44 miles done. So far, so good.

Fourth Stage:

This stage was only 8 miles, but it was a mother. Most of the stage was scenic and enjoyable, but the infamous Tussy Hill—which has a 23% grade—put hair on almost everyone’s chest. That was murder. But right after that was the Letterbox Baptist Church rest stop. These folks were fabulous. There was lots of good food, Gatorade, water, energy bars. A lot of folks were in line for pizza, but I stayed away from that. I went for my water, Gatorade, and some energy bars.

I lost some time at the rest stop because of the long lines for food and restrooms.

52 miles done.

Fifth Stage:

From here, the heat started picking up. The winds—headwinds—also picked up. Because this stage was just south of 24 miles long, I decided that I’d stop at the gas station at mile 61 and buy a Powerade. I lost 10 minutes waiting for the cashier, but it was worth it: I was able to get some fluids and some badly-needed carbs down. This paid off well.

61 miles done.

From there, the remaining 15 miles into the McWhorter Christian Church rest stop were uneventful, except for the noticeable heat and headwind.

The McWhorter Christian Church rest stop was one of the best. They really went the extra ten miles for the cyclists.

76 miles done.

Sixth Stage:

While this one was only ten miles long, it was brutal, as the headwinds and the heat started taking a toll on the riders, including myself. I had gone out of my way to stay hydrated, but my efforts still fell short of the glory. My neck—which I jarred in the crash at mile 16—was starting to hurt. I had energy, but I knew I was getting close to the “wall”, that point in a long-distance event where one’s glycogen runs out. As a marathoner, I know how to deal with that, but it isn’t pleasant.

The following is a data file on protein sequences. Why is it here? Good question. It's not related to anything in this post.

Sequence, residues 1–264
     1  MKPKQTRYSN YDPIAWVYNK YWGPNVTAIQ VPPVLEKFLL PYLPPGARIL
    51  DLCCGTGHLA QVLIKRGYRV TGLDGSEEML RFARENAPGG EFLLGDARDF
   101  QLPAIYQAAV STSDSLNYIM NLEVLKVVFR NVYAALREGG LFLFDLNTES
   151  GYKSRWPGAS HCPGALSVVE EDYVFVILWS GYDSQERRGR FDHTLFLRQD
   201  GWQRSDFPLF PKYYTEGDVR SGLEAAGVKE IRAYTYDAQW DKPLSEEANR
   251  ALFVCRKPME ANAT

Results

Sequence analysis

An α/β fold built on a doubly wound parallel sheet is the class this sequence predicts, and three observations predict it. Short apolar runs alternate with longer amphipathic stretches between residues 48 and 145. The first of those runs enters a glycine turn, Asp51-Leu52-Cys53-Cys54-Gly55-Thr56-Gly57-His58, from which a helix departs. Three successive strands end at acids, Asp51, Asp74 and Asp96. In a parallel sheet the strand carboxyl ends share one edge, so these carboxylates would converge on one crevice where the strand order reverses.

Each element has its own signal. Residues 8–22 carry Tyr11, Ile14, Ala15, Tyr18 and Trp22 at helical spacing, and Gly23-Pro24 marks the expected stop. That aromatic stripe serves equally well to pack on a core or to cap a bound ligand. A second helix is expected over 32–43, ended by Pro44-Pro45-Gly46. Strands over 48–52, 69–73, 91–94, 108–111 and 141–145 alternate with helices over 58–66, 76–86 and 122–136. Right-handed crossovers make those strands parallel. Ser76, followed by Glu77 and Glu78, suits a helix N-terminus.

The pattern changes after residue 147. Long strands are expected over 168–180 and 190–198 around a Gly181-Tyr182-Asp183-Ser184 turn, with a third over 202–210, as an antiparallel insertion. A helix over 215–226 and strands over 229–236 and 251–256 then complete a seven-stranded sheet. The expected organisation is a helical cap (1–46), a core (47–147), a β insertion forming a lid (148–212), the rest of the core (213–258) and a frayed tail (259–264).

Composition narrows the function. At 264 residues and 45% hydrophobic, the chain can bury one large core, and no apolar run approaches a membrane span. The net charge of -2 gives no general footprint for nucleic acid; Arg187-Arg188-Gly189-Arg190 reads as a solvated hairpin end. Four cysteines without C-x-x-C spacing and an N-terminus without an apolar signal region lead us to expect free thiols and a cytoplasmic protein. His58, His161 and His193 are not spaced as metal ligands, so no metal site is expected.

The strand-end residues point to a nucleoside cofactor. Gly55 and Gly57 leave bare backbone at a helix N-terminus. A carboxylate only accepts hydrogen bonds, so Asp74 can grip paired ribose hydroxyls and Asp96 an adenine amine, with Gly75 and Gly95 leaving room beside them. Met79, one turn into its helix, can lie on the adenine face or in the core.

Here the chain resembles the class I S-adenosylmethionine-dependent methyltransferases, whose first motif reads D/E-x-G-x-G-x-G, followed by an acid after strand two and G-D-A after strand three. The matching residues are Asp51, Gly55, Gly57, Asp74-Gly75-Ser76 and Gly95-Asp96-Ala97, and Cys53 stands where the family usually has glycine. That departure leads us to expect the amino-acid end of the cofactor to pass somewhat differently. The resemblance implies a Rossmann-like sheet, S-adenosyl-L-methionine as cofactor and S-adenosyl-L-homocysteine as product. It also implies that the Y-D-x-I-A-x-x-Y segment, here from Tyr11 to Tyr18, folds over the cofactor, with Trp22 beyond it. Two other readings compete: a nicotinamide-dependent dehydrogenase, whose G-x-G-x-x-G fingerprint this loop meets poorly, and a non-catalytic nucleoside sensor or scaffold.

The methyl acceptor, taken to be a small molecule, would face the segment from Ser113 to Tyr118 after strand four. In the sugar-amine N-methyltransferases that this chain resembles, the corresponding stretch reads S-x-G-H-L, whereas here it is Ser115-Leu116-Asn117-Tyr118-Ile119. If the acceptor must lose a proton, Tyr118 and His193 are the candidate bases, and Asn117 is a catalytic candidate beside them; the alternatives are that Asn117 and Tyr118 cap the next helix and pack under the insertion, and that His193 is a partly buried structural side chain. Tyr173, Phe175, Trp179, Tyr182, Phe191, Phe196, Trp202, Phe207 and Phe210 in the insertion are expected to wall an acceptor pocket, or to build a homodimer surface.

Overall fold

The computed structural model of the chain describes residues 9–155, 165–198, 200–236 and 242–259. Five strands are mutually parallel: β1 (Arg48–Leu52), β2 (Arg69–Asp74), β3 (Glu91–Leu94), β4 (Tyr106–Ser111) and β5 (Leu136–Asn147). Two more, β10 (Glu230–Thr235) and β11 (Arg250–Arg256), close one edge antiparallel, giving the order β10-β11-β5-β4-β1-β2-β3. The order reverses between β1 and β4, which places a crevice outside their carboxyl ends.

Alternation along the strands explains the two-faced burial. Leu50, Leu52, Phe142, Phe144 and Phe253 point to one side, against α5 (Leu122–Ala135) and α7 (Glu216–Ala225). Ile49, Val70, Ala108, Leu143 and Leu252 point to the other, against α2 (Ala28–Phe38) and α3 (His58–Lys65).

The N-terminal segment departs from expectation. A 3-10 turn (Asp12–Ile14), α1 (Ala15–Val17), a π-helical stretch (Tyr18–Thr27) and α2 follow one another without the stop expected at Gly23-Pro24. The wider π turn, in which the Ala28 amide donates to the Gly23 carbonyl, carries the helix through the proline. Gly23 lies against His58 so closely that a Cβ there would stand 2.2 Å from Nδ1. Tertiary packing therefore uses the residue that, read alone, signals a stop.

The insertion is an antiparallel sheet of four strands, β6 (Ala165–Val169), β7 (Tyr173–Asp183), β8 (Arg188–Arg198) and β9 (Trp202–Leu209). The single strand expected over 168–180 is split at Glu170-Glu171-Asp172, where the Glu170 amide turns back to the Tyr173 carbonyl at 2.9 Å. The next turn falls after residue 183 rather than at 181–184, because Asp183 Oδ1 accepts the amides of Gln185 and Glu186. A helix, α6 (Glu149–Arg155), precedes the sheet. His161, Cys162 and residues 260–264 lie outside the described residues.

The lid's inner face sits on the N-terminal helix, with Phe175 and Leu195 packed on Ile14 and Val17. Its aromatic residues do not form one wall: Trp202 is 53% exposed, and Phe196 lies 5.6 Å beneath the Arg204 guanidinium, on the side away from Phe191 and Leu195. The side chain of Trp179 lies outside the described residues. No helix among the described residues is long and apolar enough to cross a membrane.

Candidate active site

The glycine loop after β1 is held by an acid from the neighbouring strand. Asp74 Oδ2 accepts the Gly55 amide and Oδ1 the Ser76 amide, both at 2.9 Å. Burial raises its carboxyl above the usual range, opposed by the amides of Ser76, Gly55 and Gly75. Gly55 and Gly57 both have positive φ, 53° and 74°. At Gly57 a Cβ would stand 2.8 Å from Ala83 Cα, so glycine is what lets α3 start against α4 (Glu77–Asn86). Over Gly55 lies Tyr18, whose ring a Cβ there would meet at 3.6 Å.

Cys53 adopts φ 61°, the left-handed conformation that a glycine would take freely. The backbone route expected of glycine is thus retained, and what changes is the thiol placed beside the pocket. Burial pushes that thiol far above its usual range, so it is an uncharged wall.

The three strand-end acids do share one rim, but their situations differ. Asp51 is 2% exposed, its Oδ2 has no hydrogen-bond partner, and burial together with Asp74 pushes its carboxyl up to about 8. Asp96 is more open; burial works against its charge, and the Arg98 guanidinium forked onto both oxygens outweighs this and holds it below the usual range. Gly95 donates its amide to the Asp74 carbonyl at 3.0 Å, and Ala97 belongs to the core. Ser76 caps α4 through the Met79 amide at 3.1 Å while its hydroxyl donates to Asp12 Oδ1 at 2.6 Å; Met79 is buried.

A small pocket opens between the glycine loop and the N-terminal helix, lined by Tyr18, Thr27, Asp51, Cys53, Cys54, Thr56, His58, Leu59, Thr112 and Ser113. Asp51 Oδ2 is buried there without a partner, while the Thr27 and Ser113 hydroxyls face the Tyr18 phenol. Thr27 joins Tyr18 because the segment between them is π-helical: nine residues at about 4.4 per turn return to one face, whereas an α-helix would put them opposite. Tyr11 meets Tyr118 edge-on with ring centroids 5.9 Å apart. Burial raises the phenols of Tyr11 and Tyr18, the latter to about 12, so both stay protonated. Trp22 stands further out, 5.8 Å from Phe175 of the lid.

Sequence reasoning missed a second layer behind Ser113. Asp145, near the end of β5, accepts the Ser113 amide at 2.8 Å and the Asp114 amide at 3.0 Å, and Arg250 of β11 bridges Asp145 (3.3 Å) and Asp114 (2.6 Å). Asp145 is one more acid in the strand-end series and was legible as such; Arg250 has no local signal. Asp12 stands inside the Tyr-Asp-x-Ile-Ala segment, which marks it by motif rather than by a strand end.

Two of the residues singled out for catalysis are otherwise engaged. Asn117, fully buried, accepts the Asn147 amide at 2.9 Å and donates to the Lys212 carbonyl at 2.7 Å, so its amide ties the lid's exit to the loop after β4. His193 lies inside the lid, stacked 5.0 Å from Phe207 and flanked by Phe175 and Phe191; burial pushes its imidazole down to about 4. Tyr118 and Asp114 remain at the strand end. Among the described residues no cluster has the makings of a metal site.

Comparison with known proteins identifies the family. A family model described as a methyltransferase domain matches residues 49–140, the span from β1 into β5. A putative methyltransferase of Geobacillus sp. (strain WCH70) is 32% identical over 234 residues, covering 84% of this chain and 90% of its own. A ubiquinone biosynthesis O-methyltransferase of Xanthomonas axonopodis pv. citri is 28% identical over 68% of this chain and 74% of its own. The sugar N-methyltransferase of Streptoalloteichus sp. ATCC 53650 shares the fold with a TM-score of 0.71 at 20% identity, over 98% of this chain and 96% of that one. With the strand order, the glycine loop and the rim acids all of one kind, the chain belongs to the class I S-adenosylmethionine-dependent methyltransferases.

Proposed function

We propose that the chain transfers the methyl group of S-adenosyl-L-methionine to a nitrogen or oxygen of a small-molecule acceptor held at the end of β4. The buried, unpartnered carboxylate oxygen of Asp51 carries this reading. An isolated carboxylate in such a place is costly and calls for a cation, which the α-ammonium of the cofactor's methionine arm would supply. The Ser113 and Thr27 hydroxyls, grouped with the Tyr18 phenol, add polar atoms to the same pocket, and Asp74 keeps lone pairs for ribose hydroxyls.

Pulling into the Long Branch Rest Stop at mile 86, I felt very good and very tired. Some of the folks who had been in the ride with me were joking around with me about my crash at mile 16.

One of the race directors, who had assisted me when I had my crash, told me, “You’ve got one nasty hill left, but it’s pretty mild going into London after that. You’ve got this one.”

86 miles done.

Final Stage:

He was right: that last hill was a humdinger. Not quite as bad as Tussy Hill, but close. But after that, the heat and headwind were the only remaining nuisances—aside from 13 miles—that stood between me and the finish. I was tired; my neck was sore; I had clearly hit “the wall.” But I was going to finish well.